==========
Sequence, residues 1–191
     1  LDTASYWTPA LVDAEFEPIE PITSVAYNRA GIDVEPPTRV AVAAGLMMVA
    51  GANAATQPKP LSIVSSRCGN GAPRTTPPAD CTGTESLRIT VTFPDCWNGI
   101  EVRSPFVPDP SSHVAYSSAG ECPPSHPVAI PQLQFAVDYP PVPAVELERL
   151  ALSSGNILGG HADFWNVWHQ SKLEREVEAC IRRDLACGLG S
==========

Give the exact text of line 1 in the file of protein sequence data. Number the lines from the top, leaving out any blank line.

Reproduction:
Sequence, residues 1–191